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Can Employees Be Liable For Bringing COVID-19

Employees may be liable for bringing COVID-19 into the workplace in specific situations. On November 20, 2020, Ontario enacted Supporting Ontario’s Recovery Act, 2020 (the “Act”). The Act provides protection for individuals and businesses who make an honest effort to comply with public health guidelines and laws aimed at preventing the spread of COVID-19. Below, we will discuss the Act as it applies to employees.

Who Can Be Sued For Bringing COVID-19 Into the Workplace?

Section 2(1) of the Act guarantees that individuals and businesses who directly or indirectly expose or potentially expose a person to COVID-19 cannot be sued if:

  1. The individual or business acted in accordance with, or made a good faith effort to act in accordance with, any and all applicable laws or public health guidance relating to COVID-19; and
  2. The individual or business’s act or omission does not constitute gross negligence.

This provision applies in spite of any conflict or inconsistency in the applicable laws or public health guidance. If the application of the Act conflicts in any way with the Workplace Safety and Insurance Act, 1997, then the Workplace Safety and Insurance Act, 1997 will prevail. The Act also applies to anyone who is vicariously liable for the acts or omissions of another person, if that person would not be found liable themselves.

The Act defines ‘good faith effort’ as “an honest effort, whether or not that effort is reasonable.” However, the Act does not define ‘gross negligence.

Section 2(1) of the Act does not apply to any employee who agrees to work for their employer when their employer was required by law to be shut down. In other words, if an employer’s business should be closed due to a lockdown, but the employer refuses to close and the employee agrees to work, they lose their right to legal protection under the Act, and can be liable for bringing COVID-19 into the workplace.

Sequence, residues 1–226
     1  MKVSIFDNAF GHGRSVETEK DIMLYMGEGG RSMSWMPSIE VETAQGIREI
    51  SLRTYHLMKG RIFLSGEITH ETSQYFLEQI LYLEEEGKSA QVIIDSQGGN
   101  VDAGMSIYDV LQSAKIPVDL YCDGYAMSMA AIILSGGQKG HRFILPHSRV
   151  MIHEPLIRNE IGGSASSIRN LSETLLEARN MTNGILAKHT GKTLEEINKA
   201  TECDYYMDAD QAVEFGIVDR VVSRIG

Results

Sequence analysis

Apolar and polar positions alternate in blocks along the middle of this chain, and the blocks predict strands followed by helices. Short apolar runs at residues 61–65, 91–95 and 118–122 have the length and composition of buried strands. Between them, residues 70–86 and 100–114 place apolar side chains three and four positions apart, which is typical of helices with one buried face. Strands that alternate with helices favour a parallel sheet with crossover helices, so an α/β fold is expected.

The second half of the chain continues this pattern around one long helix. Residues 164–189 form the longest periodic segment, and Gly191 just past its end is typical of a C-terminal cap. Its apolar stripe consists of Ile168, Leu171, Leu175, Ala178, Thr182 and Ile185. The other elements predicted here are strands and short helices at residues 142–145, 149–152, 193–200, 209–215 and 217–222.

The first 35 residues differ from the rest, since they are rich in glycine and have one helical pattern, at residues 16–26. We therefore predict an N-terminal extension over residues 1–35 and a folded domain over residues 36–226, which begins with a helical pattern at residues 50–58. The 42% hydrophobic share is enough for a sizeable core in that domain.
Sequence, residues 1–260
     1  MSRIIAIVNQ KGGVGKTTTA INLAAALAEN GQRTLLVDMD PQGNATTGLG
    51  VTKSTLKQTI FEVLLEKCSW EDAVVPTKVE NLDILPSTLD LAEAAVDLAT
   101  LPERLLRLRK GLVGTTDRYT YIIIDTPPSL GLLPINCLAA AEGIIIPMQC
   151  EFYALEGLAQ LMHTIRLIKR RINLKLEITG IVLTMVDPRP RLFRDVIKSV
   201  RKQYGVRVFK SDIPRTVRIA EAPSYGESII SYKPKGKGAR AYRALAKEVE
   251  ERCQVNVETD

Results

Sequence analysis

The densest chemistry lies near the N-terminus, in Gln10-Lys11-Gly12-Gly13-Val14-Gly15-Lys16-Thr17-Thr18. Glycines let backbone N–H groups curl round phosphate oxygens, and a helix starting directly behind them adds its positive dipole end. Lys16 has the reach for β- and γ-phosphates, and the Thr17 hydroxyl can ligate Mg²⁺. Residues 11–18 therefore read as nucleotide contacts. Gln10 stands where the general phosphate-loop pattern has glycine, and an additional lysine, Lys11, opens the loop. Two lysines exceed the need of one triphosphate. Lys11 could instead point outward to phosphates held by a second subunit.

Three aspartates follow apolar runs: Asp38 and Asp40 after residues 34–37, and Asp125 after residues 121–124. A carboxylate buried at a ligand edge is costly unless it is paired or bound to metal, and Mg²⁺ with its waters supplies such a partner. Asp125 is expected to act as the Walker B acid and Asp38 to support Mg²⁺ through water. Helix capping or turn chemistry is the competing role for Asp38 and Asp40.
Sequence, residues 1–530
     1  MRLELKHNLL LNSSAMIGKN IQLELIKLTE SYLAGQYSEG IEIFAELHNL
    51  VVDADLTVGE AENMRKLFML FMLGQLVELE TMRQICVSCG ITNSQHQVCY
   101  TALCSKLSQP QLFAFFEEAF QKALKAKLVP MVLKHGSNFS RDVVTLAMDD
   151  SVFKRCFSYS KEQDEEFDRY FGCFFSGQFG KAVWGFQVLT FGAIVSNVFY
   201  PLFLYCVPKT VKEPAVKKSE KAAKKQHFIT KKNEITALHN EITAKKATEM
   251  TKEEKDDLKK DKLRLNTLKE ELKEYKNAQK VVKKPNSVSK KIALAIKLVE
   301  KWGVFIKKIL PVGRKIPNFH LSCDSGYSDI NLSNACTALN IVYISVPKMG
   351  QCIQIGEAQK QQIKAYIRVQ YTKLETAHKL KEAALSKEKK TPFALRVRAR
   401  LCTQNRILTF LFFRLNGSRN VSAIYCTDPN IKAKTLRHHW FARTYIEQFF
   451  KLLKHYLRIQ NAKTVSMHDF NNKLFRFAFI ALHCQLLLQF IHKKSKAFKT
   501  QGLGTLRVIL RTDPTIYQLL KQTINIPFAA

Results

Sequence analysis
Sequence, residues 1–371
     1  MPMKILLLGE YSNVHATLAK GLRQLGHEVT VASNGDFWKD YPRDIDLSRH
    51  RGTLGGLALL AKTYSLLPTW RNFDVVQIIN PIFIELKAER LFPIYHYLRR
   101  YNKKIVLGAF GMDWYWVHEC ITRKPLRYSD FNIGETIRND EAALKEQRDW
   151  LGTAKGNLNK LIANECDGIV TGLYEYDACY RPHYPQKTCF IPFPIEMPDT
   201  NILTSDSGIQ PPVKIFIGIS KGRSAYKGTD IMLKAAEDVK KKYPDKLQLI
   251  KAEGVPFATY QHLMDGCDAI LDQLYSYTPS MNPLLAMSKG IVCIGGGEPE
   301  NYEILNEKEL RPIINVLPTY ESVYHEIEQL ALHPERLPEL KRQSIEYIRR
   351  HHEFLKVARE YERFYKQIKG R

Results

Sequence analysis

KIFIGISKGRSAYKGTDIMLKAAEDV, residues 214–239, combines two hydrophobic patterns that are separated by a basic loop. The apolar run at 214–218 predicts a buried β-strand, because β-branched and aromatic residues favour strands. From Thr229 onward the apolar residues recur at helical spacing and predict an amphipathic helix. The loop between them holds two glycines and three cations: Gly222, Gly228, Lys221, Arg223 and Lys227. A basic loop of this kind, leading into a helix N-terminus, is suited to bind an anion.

Retroactive Application

Although the Act came into force on November 20, 2020, it applies retroactively to any cause of action relating to the infection of, or exposure to, COVID-19 on or after March 17, 2020. If an employee sued or held liable for bringing COVID-19 into the workplace prior to the passage of the Act in relation to their actual or potential exposure of another person to COVID-19, whether directly or indirectly, and the employee qualifies for protection under the Act, then the lawsuit must be dismissed without costs.

Limits to Protection

The Act does not protect employees who willfully, or with gross negligence, arrive bringing COVID-19 into the workplace exposing other individuals. To date, there has been no case law decided under the Act. However, the following scenarios may leave employees open to liability:

  • Attending the workplace while actively infected with COVID-19
  • Refusing to wear a mask in the workplace or get tested when exhibiting COVID-19 symptoms
  • Refusing to comply with social distancing guidelines
  • Agreeing to work for your employer when your employer’s business should be closed due to a lockdown
  • Inciting others to participate in willful or grossly negligent behaviour that could lead to the spread of COVID-19

It is important for employees to understand how they can be held legally liable for the spread of COVID-19 in the workplace. In order to avoid potential liability, employees should endeavour to comply with the applicable laws and public health guidance.

Contact Us

Whether you are an employer or an employee looking for assistance with wrongful termination, human rights violations, workplace issues or employment relationships, our skilled, knowledgeable, and experienced wrongful dismissal lawyers can advocate on behalf of businesses and employees at Achkar Law can help. Contact us by phone toll-free at +1 (800) 771-7882 or email us at [email protected], and we would be happy to assist.

If you are a small or medium-sized company looking for full-service support with a same-day response, visit our CLO Program page for our strategic solutions.

Disclaimer: This blog is not intended to serve as or should be construed as legal advice and is only to provide general information. It is in no way particular to your case and should not be relied on in any way. No portion or use of this blog will establish a lawyer-client relationship with the author or any related party. Should you require legal advice for your particular situation, fill out the contact form, call (800) 771-7882 or email [email protected]